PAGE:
QNRF Newsletter Archive

QNRF Executive Director shares insights at Qatar Foundation Annual Research Forum

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Dr. Abdul Sattar Al-Taie, QNRF Executive Director
This November saw the second Qatar Annual Research Forum, drawing together researchers and leadership from across Qatar, and speakers from prominent institutions worldwide. Joining the speakers was QNRF Executive Director, Dr. Abdul Sattar Al-Taie, who shared insights on the dramatic changes that have occurred within QNRF and Qatar's research community in the five years of the funding agency's existence.

"To borrow the metaphor of a well-oiled engine, that is what QNRF is," Dr. Al-Taie explained. "Not only have we run the engine, but we've designed, constructed, test-run and driven the engine in the efficient way you have all seen, with a mission to advance knowledge and education by supporting original, selected fields of research, across sectors, on a competitive basis."

Dr. Al-Taie highlighted, in numbers, the achievements of QNRF through its Programs supporting a range of investigators, from students to professionals, in both the private and public sector. He discussed the full range of QNRF Programs, including:
  • The agency's first funding initiative, the Undergraduate Research Experience Program (UREP) and its 10 successful cycles attracting around 1,100 proposals with a 45 percent success rate and awards to date amounting to US$16.4million;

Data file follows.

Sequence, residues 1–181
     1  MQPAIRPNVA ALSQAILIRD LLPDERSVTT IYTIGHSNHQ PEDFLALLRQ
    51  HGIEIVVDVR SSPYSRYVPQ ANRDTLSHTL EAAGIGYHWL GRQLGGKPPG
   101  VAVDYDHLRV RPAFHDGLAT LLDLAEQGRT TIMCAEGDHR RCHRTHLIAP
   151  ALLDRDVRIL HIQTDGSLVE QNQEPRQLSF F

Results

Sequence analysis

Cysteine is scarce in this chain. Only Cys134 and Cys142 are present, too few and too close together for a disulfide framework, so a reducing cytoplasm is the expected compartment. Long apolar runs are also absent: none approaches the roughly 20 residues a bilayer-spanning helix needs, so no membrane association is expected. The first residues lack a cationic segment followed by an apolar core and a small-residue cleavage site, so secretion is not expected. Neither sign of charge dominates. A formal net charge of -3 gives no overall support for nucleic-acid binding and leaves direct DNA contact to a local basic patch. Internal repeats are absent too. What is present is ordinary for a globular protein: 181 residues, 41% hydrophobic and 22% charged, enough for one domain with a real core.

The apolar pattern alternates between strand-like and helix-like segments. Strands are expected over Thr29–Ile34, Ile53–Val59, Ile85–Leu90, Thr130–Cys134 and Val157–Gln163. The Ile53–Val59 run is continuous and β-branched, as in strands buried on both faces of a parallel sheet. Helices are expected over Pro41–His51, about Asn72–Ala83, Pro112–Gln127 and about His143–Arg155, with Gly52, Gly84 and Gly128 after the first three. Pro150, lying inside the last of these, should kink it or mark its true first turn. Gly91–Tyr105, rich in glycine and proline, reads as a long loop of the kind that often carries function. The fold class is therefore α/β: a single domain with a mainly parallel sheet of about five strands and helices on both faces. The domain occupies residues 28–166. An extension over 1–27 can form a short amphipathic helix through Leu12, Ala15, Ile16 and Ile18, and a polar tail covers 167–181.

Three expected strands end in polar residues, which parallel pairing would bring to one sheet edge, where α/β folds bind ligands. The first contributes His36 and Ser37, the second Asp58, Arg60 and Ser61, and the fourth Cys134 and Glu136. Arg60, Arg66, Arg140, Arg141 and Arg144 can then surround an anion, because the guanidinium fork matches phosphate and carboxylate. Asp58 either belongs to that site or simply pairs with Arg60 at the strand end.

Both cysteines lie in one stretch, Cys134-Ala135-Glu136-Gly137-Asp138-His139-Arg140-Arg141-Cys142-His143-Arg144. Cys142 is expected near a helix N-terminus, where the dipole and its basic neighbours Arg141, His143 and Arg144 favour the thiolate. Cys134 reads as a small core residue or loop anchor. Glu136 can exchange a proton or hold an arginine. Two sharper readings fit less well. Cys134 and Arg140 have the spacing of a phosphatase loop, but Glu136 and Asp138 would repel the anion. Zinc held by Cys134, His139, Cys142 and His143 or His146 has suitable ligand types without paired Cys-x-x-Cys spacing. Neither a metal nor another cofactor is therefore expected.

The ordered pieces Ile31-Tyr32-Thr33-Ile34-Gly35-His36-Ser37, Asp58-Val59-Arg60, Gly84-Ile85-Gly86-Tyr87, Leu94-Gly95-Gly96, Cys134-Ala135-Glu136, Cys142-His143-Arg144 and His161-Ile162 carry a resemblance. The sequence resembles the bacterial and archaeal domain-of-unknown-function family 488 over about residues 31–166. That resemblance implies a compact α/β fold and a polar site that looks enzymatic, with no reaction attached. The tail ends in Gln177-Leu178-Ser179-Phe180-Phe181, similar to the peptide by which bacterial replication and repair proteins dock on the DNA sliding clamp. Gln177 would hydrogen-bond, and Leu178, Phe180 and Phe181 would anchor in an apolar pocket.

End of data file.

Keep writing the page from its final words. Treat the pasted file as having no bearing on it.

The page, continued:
• The flagship National Priorities Research Program (NPRP), now in its fifth cycle attracting, in its first four cycles, around 2,000 proposals with a success rate around 21 percent and cumulative awards amounting to US$345million;
  • The new Young Scientist Research Experience Program, which has competed two cycles;
  • The new National Priorities Research Program - Exceptional Proposal, supporting large-scale projects that require resources beyond that offered by the NPRP;
  • Initiatives to support conferences and workshops to be held in Qatar (Conference and Workshop Sponsorship Program), and a repository of Qatar-based research carried out since the country's independence (Qatar National Research Survey).
The majority of funds, Dr. Al-Taie explained, have naturally gone into the engineering and technology field to support Qatar's natural gas industry. This sector, he said, has reached what could be called a plateau in terms of submitted and awarded proposals. However, all other fields continue to rise in activity, including the second most prominent, biomedicine, and others, including social sciences and humanities, which the agency is now focusing on.

In the end, all of the research is based on needs directly related to the people of Qatar, with results that will doubtless impact the wider world.

"These programs cover investigator-initiated proposals," Dr. Al-Taie said. "But in the future, if we need to focus on a certain area of research like food security or diabetes, involving a multidisciplinary, multi-project approach, this would be our biggest program yet and would be a 'theme research program,' which is still a work in progress."

The Qatar Foundation Annual Research Forum is the premier science and research forum of Qatar Foundation, comprehensively targeting the national research community. It is a chance for researchers to present their latest results, in a competitive forum and in the context of the wider scientific community. This year's forum took place from November 20th through to the 22nd.
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